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State of disgrace

An Cailín Rua

An Cailín Rua
Anne-Marie Flynn

“Exactly what’s the problem here? I don’t need the story.” Such was the abrupt response of a member of the Dublin Region Homeless Executive (DRHE) to homeless Carlow man Joe Nolan, on the recent documentary, RTÉ Investigates: Stuck In The Rough. Nolan had been trying to secure emergency overnight accommodation, but was refused, due to him not being from Dublin. Only those with hearts of granite could have failed to be moved at the sight of him retreating in tears to a freezing cold car park to spend the night alone.
We all know homelessness is a problem. It’s not in front of our eyes every day in Mayo, but in Ireland over 10,000 people – equivalent to the population of Ballina, or roughly eight percent of the entire population of Mayo – don’t have a roof over their heads or a bed to call their own. The number of homeless children has risen by over 400 percent since 2014, at a time of supposed recovery and renewed prosperity in this country. Try to imagine the effect of that lack of security on a young child. Over 3,000 children don’t have to try.
It’s far too big, too complex an issue to summarise in a column like this. But this much is simple: the majority of homelessness is caused by poverty and a poor supply of decent, affordable housing. Addiction is not nearly as big a contributor as we are led to believe – rather, people are more likely to become substance dependent after becoming homeless. Many lower-paid workers have very little security. In our communities, there are people in rental accommodation who are currently just one paycheque away from homelessness.
It would be remiss not to mention the large number of charities and hostels operating in the sector. Homelessness is now an industry of sorts, however unpalatable that may sound. There are people with the very best of intentions, who by virtue of working in this sector are essentially profiting from misery. If homelessness disappeared, so might their jobs. But homeless charities or hostels are not the cause of the problem; rather their existence is a direct consequence of government decisions.   
If charities weren’t there to help, who would? For too long, the State has relied on funding charities to provide all kinds of services it does not and will not. A band-aid solution underpinned by poor planning and policy. The State thus ensures that there is a dependence on charity, rather than looking towards a rights-based model. And all too often, charities must spend valuable time and resources trying to navigate rigid, bureaucratic State mechanisms to access funding in the first place.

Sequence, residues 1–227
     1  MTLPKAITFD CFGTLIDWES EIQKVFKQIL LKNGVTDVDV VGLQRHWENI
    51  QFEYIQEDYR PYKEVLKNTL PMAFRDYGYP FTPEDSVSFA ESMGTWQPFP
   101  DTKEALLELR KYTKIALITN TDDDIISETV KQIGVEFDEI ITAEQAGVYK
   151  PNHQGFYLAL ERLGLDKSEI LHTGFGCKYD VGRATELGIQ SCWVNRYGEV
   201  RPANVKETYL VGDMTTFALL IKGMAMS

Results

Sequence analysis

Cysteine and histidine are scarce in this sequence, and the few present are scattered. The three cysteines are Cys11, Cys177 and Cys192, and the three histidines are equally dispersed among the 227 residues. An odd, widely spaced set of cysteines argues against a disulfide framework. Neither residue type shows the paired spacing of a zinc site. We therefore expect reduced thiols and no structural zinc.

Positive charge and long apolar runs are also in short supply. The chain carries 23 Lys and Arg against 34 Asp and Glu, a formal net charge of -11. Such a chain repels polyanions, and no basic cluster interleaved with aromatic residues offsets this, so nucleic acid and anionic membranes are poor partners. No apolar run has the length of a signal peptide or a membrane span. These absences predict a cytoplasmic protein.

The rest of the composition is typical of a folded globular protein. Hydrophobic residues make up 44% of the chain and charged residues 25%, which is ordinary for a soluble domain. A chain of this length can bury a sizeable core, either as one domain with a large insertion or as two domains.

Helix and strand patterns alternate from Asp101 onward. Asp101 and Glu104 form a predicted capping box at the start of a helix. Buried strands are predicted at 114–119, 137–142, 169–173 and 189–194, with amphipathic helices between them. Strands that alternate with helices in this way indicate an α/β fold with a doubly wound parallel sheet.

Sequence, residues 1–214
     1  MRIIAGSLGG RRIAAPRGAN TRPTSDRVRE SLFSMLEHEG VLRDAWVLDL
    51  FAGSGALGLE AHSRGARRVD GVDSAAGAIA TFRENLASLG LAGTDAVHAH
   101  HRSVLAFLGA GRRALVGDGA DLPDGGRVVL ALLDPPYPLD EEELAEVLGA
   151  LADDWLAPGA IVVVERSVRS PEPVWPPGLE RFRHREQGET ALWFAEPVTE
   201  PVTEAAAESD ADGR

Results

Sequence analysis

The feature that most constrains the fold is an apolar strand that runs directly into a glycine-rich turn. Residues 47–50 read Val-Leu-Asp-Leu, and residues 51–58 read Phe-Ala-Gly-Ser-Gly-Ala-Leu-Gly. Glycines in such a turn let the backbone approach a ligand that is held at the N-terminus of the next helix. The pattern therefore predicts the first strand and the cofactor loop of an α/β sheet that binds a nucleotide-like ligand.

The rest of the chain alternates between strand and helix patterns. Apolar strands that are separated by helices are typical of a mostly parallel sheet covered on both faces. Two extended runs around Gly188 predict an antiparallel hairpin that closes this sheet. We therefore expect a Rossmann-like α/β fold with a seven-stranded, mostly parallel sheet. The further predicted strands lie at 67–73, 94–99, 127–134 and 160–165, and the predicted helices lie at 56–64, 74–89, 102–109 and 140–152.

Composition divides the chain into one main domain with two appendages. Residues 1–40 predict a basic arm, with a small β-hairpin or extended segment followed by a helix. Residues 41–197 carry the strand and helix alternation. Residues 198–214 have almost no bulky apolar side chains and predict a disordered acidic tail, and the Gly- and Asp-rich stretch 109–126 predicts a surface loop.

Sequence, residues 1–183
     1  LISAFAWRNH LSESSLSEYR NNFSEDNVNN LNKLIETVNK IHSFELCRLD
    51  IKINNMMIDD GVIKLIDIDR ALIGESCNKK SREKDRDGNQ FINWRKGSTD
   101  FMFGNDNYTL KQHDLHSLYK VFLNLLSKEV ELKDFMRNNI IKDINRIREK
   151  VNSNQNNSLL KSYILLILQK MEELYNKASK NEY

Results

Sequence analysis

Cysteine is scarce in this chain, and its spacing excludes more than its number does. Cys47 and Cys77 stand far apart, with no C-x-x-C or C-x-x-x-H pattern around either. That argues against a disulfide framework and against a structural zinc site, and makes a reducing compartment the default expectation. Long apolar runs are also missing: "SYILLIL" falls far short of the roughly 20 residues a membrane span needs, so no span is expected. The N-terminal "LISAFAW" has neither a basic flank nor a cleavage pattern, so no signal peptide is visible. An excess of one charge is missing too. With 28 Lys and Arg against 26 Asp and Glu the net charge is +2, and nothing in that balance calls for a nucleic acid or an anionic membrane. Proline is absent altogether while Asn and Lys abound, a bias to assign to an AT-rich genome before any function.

There is an argument to be made that money donated to homeless organisations would be better spent going directly to those in need, but, in reality, that money would never materialise in the absence of charities. Donating is a fast, easy option, and we’re generous in Ireland. But unfortunately, many of us then think we’ve done our bit, and can wash our hands of the problem, when we’ve stopped wringing them.
We might think that we are not complicit in people sleeping on the streets, but the successive failure of governments since the recession to build affordable public housing at a time when funding has never been cheaper to access, can only be attributed to deliberate policy. Housing solutions being presented are inadequate, expensive, lacking in innovation, and are designed to ensure that private developers benefit. Our votes contribute directly to these policies.
Homelessness does not end when we change the channel. If we truly believe the Joe Nolans of Ireland deserve to be treated with dignity and homelessness should end, donating can help, but it should not be our first, or only, port of call. If we are genuinely outraged that over 3,000 children in Ireland have no homes in which to feel safe, we can make our objections loudly known. We can pick up the phone or write to our public representatives – at local and national level – and tell them so. We can consider where our votes go at the ballot box.
If we truly believe in the value of society, it is up to the most privileged among us to start thinking differently. And giving those who need it most a leg up.